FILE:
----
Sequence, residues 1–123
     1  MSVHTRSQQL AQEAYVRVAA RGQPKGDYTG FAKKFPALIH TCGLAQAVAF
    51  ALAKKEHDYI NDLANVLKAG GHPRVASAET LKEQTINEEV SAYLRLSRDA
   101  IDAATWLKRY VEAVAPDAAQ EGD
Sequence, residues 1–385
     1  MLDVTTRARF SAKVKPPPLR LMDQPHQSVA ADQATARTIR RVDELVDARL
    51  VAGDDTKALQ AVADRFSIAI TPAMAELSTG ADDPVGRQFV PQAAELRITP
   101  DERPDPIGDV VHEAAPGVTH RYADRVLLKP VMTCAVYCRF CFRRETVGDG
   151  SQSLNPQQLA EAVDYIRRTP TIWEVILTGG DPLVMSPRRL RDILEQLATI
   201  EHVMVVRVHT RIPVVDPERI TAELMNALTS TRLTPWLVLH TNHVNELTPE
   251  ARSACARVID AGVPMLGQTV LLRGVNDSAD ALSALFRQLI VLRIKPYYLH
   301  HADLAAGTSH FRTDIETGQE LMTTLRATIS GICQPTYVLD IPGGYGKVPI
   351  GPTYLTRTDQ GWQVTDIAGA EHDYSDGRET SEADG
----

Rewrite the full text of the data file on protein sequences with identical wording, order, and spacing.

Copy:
Sequence, residues 1–123
     1  MSVHTRSQQL AQEAYVRVAA RGQPKGDYTG FAKKFPALIH TCGLAQAVAF
    51  ALAKKEHDYI NDLANVLKAG GHPRVASAET LKEQTINEEV SAYLRLSRDA
   101  IDAATWLKRY VEAVAPDAAQ EGD
Sequence, residues 1–385
     1  MLDVTTRARF SAKVKPPPLR LMDQPHQSVA ADQATARTIR RVDELVDARL
    51  VAGDDTKALQ AVADRFSIAI TPAMAELSTG ADDPVGRQFV PQAAELRITP
   101  DERPDPIGDV VHEAAPGVTH RYADRVLLKP VMTCAVYCRF CFRRETVGDG
   151  SQSLNPQQLA EAVDYIRRTP TIWEVILTGG DPLVMSPRRL RDILEQLATI
   201  EHVMVVRVHT RIPVVDPERI TAELMNALTS TRLTPWLVLH TNHVNELTPE
   251  ARSACARVID AGVPMLGQTV LLRGVNDSAD ALSALFRQLI VLRIKPYYLH
   301  HADLAAGTSH FRTDIETGQE LMTTLRATIS GICQPTYVLD IPGGYGKVPI
   351  GPTYLTRTDQ GWQVTDIAGA EHDYSDGRET SEADG